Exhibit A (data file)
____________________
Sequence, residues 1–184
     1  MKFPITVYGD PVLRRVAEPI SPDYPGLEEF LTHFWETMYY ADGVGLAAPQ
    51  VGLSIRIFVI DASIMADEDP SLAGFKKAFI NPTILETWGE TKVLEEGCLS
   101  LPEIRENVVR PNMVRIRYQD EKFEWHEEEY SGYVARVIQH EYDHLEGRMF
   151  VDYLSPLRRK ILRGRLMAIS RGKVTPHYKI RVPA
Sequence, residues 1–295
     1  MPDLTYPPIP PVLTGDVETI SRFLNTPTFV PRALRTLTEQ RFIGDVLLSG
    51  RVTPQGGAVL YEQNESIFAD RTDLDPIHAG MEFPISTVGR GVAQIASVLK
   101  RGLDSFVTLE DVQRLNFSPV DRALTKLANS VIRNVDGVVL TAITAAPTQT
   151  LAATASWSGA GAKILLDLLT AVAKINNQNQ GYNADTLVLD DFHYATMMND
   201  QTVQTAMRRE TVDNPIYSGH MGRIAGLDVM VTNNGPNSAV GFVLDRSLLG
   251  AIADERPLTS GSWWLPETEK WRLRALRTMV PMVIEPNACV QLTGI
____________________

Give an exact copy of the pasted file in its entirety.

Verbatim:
Sequence, residues 1–184
     1  MKFPITVYGD PVLRRVAEPI SPDYPGLEEF LTHFWETMYY ADGVGLAAPQ
    51  VGLSIRIFVI DASIMADEDP SLAGFKKAFI NPTILETWGE TKVLEEGCLS
   101  LPEIRENVVR PNMVRIRYQD EKFEWHEEEY SGYVARVIQH EYDHLEGRMF
   151  VDYLSPLRRK ILRGRLMAIS RGKVTPHYKI RVPA
Sequence, residues 1–295
     1  MPDLTYPPIP PVLTGDVETI SRFLNTPTFV PRALRTLTEQ RFIGDVLLSG
    51  RVTPQGGAVL YEQNESIFAD RTDLDPIHAG MEFPISTVGR GVAQIASVLK
   101  RGLDSFVTLE DVQRLNFSPV DRALTKLANS VIRNVDGVVL TAITAAPTQT
   151  LAATASWSGA GAKILLDLLT AVAKINNQNQ GYNADTLVLD DFHYATMMND
   201  QTVQTAMRRE TVDNPIYSGH MGRIAGLDVM VTNNGPNSAV GFVLDRSLLG
   251  AIADERPLTS GSWWLPETEK WRLRALRTMV PMVIEPNACV QLTGI